It’s tax time in the U.S., and Weird Animal Question of the Week thought folks might like to think about another type of bill for a while.
We wondered: “What are some of the world’s weirdest bird bills?”
To clear things up, a bill and a beak are synonyms; both refer to a bird's jaws and their horny covering.
And within the world's 10,500 known bird species, some species have bills like no others.
The wrybill of New Zealand, for instance, is the only known bird with “a bill that bends sideways," says Bob Mulvihill, an ornithologist at the National Aviary in Pittsburgh. It may look funny, but it's all the better for reaching tasty mayflies hiding under river rocks.
Many birds have downward-facing, or decurved, bills, like hermit hummingbirds, whose “bill is an exact fit to the curvature” of the flowers on which they feed, Mulvihill says.
Few birds have upward-curving, or recurved bills. South America's endangered bush-billed bird is said to have a Mona Lisa smile, and wide-ranging avocets use their thin, upturned bill to sweep through shallow water, catching tiny prey.
If you haven't noticed already, bird bills can tell us a lot about their lifestyles, Mulvihill says.
The black skimmer of eastern South America is the only bird with an underbite: A longer lower bill than upper bill. This helps the species skim the water for prey in flight.
A group of finches called crossbills have upper and lower bills that criss-cross instead of fitting together cleanly, an adaptation for wrangling seeds out of pine cones.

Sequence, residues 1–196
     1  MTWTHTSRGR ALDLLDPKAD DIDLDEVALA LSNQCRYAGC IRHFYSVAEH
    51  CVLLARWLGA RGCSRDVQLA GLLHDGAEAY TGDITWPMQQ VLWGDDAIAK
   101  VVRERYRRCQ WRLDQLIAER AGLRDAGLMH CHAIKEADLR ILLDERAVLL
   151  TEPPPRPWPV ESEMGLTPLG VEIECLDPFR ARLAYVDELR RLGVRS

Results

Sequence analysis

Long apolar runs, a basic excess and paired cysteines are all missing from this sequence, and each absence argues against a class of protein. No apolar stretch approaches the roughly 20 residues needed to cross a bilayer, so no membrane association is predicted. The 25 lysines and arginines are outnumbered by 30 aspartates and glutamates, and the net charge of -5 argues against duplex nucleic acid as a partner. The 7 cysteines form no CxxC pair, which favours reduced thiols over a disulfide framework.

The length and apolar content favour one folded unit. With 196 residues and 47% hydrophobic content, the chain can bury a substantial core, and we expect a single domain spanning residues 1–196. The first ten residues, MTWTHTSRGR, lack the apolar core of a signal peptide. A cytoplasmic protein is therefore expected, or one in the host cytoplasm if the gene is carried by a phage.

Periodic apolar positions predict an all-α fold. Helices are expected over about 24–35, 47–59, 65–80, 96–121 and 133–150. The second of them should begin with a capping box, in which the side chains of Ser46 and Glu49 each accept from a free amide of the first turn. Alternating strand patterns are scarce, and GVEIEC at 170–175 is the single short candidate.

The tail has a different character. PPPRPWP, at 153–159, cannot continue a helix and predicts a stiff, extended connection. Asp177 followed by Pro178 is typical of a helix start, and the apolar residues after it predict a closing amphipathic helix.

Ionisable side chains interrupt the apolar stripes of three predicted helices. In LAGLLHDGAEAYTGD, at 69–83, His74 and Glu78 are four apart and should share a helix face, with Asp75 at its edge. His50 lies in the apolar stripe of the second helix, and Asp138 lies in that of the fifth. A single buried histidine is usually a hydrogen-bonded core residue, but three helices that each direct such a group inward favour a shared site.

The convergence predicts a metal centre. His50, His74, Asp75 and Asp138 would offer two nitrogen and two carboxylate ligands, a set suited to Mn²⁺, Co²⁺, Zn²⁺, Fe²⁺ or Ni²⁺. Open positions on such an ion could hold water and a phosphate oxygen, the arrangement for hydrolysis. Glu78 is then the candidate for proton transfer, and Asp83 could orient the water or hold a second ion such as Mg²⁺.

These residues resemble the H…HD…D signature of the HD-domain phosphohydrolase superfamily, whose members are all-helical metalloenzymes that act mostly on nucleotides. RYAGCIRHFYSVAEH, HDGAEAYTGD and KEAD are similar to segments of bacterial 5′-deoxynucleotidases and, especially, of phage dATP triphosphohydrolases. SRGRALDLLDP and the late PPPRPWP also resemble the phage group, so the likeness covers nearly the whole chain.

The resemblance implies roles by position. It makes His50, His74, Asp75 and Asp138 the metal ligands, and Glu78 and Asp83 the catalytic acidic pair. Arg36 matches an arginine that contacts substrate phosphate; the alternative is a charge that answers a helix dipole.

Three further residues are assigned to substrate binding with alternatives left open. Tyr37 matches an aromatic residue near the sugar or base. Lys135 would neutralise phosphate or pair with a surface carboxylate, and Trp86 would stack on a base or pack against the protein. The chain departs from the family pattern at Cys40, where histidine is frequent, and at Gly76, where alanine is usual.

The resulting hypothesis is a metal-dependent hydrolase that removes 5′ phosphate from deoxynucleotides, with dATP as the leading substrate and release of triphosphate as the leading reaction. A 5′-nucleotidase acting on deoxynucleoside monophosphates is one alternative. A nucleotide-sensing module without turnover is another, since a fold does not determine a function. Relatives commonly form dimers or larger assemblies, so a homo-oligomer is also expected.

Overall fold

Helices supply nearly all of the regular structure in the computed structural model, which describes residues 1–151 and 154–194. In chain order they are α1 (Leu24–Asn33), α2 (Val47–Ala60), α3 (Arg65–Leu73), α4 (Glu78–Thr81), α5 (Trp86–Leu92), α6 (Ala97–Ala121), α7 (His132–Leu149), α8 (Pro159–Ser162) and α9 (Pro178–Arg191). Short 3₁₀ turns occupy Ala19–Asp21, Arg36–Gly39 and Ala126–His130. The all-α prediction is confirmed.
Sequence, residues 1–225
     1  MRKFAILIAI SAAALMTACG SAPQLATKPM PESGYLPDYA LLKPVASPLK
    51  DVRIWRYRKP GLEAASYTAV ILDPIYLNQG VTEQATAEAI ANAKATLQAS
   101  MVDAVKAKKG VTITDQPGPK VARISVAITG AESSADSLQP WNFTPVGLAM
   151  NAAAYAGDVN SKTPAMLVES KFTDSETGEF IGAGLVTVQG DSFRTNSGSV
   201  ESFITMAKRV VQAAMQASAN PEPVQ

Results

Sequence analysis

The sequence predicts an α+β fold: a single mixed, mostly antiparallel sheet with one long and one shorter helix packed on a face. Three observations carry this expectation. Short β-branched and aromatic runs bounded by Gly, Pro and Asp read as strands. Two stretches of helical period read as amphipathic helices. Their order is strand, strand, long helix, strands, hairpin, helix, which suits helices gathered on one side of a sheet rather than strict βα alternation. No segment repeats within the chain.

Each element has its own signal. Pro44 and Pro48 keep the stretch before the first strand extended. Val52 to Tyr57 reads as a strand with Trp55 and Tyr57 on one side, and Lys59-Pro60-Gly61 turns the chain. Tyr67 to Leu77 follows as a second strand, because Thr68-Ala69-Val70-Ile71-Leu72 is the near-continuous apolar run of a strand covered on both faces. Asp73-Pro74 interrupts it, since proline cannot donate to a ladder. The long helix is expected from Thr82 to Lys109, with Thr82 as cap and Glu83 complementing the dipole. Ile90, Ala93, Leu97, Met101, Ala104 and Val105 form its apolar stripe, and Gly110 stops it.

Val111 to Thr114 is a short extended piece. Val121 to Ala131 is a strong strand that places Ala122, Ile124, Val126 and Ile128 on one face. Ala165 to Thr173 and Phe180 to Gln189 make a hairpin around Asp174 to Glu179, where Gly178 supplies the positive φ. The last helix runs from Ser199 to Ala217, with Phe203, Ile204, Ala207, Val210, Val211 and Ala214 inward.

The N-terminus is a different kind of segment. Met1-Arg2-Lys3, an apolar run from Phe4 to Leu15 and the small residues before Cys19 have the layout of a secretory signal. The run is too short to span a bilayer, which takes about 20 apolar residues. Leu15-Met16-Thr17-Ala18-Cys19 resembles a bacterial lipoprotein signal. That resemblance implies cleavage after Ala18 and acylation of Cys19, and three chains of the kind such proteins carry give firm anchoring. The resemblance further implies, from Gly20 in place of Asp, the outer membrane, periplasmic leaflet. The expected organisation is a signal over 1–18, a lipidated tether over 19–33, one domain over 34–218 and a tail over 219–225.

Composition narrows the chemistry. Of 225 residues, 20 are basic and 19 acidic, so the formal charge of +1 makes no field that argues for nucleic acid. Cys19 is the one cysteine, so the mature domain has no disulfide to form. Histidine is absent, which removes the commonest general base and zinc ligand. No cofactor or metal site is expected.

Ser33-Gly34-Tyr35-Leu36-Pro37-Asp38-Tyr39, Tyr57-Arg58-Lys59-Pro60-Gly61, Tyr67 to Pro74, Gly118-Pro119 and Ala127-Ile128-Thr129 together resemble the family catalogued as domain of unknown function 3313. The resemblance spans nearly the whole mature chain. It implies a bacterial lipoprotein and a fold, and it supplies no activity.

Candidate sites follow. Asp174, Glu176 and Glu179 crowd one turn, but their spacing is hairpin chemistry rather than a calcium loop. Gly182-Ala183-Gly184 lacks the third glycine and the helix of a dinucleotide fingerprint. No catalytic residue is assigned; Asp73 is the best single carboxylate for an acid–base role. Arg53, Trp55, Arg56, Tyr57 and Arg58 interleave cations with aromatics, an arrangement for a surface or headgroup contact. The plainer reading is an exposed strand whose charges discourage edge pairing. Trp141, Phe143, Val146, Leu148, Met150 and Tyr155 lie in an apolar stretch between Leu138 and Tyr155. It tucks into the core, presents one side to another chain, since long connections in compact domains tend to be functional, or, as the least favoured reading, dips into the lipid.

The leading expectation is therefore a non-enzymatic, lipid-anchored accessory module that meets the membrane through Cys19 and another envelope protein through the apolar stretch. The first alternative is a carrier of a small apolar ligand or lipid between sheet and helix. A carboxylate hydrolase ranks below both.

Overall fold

Despite its namesake shape, the roseate spoonbill’s beak is “used more like a pair of salad tongs,” which the bird swishes in the water, partially open, to snag its prey, Jerome Jackson, behavioral ecologist at Florida Gulf Coast University, says via email.
The shoebill stork of Africa’s Great Lakes region has a shoe-shaped bill so big Mulvihill says "it would fit Shaquille O’Neal.”
What do they eat with those bills?
“Pretty much anything they want,” Mulvihill says, but they really like baby crocodiles.
Bills aren't only for eating, either.
The rhinoceros hornbill of Southeast Asia has a casque, or helmet, on its bill. Sound echoes through this “mostly hollow, honey-combed chamber and amplifies” the birds’ calls,” Mulvihill says.
Both male and female puffin of northern climes sport a bright "comical-looking bill" to attract mates, Mulvihill says.
“But in the non-breeding season, they lose those colorful, horny plates,” so their bill “becomes much less exaggerated and eye-catching.”
A reduced bill. Jealous much?